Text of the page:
Berry made rock and roll fun, funny, and subtly rebellious. The teenager in “You Can’t Catch Me” is motorvating away from the cops. His “Brown Eyed Handsome Man” hit a home run with color coded racial pride. The artist who was glad, so glad, he was “living in the U.S.A.” (in the song “Back in the U.S.A.”) was barred from many of the things he found so wondrous in this country to sing about.

Almost Grown

Charles Edward Anderson Berry was born on Oct. 18, 1926. His St. Louis neighborhood, “The Ville,” was segregated. His great-grandparents were slaves. In 1944, Berry was arrested for driving along in an automobile he carjacked at gunpoint after robbing three stores in Kansas City. He did a three-year stint in reform school.

Berry began playing music professionally when he was in his mid-20s, sitting in with local bands like piano player Johnnie Johnson’s group, Sir John’s Trio. Blues icon Muddy Waters suggested Berry bring his songs to Chess Records where Howlin’ Wolf, the Moonglows, and Big Bill Broonzy were recording sides. Label owner Leonard Chess had a good feeling about the song “Ida Red.” 

Berry renamed the song “Maybellene” when he recorded it on May 21, 1955. It was Berry’s first nationwide hit. He was 28. Willie Dixon was on bass, Johnnie Johnson played piano, Jerome Green shook maracas, and Ebby Hardy beat the drums. Alan Freed and Russ Fratto didn’t do anything for the song, but their names are on the credits as co-songwriters. They effectively collected royalties for teaching Berry a valuable lesson.

Chuck Berry wrote all the songs on his first album, After School Session, which was released in May 1957. It was the same for his next two albums. Berry didn’t include any covers on his albums at all until his fourth album, Rockin’ at the Hops, released in July 1960. Berry starred in some of Alan Freed’s jukebox movies like Rock Rock Rock!, Mister Rock and Roll, and Go, Johnny, Go! He also appeared in Jazz on a Summer’s Day, a 1959 documentary about the Newport Jazz Festival.

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“No Need to Be Complainin’, My Objections Overruled”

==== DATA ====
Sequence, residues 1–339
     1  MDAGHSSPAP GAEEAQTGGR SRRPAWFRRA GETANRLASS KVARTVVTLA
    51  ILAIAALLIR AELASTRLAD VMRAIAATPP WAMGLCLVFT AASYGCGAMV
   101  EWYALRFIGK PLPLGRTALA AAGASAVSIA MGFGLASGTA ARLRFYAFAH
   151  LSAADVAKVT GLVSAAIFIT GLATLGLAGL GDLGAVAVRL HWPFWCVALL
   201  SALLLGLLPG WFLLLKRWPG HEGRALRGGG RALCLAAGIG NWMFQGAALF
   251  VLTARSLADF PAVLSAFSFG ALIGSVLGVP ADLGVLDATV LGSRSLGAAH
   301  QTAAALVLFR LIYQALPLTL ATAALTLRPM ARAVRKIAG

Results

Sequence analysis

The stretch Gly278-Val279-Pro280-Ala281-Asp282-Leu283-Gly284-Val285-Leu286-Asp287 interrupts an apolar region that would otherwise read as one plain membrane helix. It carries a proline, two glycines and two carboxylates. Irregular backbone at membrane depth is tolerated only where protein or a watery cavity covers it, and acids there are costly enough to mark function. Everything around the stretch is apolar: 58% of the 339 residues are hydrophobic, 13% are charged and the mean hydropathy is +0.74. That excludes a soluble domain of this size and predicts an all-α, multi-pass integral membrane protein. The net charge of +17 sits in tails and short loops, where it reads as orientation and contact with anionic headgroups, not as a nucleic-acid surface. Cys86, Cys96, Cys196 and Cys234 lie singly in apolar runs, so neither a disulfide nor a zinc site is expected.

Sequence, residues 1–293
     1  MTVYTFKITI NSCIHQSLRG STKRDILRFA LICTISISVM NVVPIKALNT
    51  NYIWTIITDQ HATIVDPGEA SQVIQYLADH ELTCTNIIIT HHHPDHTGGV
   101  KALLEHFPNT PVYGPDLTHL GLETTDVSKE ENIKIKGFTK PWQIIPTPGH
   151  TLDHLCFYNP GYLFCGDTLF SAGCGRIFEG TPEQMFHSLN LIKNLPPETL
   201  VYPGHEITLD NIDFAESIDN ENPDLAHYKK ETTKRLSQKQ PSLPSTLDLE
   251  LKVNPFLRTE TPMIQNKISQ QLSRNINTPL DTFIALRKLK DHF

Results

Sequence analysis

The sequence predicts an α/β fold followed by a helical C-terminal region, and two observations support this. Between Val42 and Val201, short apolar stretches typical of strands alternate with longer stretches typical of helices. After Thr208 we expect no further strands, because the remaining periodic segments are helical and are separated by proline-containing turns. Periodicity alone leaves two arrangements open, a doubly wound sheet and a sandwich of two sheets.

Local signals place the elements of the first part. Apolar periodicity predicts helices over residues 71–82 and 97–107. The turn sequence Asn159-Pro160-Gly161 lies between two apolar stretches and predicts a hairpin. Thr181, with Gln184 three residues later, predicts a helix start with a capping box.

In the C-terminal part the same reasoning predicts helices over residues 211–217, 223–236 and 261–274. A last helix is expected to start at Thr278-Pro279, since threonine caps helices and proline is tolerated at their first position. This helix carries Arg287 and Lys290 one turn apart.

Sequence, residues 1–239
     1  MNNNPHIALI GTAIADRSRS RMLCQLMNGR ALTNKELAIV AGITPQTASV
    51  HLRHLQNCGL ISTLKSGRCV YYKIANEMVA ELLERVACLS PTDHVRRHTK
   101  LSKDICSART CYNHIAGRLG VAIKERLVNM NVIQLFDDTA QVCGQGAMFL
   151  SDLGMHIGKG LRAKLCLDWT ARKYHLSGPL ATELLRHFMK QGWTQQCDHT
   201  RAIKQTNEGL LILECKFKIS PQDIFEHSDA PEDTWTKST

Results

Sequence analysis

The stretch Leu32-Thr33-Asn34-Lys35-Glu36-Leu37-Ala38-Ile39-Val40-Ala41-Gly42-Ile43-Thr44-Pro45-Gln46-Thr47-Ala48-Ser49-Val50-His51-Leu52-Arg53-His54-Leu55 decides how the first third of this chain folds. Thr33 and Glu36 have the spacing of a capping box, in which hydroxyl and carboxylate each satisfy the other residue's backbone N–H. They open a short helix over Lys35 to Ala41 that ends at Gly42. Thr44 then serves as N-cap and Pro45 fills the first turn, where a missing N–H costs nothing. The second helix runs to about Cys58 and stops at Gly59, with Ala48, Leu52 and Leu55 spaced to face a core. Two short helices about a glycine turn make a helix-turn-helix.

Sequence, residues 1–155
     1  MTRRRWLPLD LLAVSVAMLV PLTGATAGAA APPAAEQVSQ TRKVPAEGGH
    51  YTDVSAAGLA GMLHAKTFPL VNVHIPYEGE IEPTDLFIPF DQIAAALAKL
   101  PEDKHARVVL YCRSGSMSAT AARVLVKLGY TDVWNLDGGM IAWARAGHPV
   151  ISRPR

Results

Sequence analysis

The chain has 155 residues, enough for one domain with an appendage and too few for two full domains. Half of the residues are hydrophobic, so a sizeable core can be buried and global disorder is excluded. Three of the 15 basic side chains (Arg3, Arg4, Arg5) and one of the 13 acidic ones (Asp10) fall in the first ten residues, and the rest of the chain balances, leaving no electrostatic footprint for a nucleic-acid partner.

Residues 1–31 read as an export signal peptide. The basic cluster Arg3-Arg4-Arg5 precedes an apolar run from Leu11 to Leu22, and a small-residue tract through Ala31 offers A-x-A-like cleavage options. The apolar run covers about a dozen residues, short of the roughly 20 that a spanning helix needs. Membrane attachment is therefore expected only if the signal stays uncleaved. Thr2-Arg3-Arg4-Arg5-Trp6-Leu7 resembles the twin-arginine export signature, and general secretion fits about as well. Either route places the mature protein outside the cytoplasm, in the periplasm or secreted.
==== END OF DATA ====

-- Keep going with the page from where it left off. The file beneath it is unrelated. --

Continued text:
Berry was arrested in St. Louis, Missouri, in December 1959 for transporting Janice Norine Escalan, a 14-year-old hatcheck girl at Club Bandstand in Juarez, Mexico, across state lines for “immoral purposes.”  He was charged under the Mann Act. Berry argued he was offering legitimate employment. An all-male, all-white jury found him guilty on March 11, 1960. Berry appealed, but the conviction was upheld at a 1961 trial. Berry was sentenced to three years. He served 18 months and was released from prison in 1964.

Berry’s career never quite took off again. He had some hits in 1964 and 1965, “Nadine,” “No Particular Place to Go,” “You Never Can Tell,” and “Promised Land.” He was one of the artists in the 1964 concert film The TAMI Show. Berry’s last number 1 hit, “My Ding-a-Ling,” was recorded live in London in 1972 for The London Chuck Berry Sessions album.

Berry never stopped playing live. He traveled with only his guitar and a briefcase for his money, and would grab local bar bands to back him when he hit town. Everyone knew Chuck Berry songs. Simple, three-chord pangs to teenage love, cars and safety belts. Bandleaders like Bruce Springsteen and Steve Miller eagerly lent their fingers and bands to the light traveling guitar player. Most groups were thrilled to get the chance to play for a legend when they weren’t harangued for bending a string too far on an intro. Not even Keith Richards got away with that, just watch the rehearsal portion of the 1987 documentary Hail! Rock ‘n’ Roll.

The Rolling Stones’ guitarist had already been brought in as a surprise backing player for a 1972 Los Angeles show where he was kicked off the stage for setting his amp too loud. Berry would also give Richards a black eye for touching his guitar after a New York City show a decade later. Richards’ early guitar work is modeled on Berry’s style. The Stones covered “Carol,” “Around and Around” and “You Can’t Catch Me.” Richards inducted Berry into the Rock and Roll Hall of Fame in 1986.

Back to the Future is really just a light, inoffensive, time-bending screwball comedy, and Berry has been the butt of far worse jokes. Spy magazine alleged Berry secretly filmed women in bathrooms. In January 1990, High Society claimed to be “the only magazine with the balls to show Chuck’s berries,” when it published photos of him posing nude with different women.

So when you read an article about Berry recalling the incident where the white kid played “Johnny B. Goode,” remember: it ran in The Onion. Chuck Berry could be accused of a lot of things, but he was an original.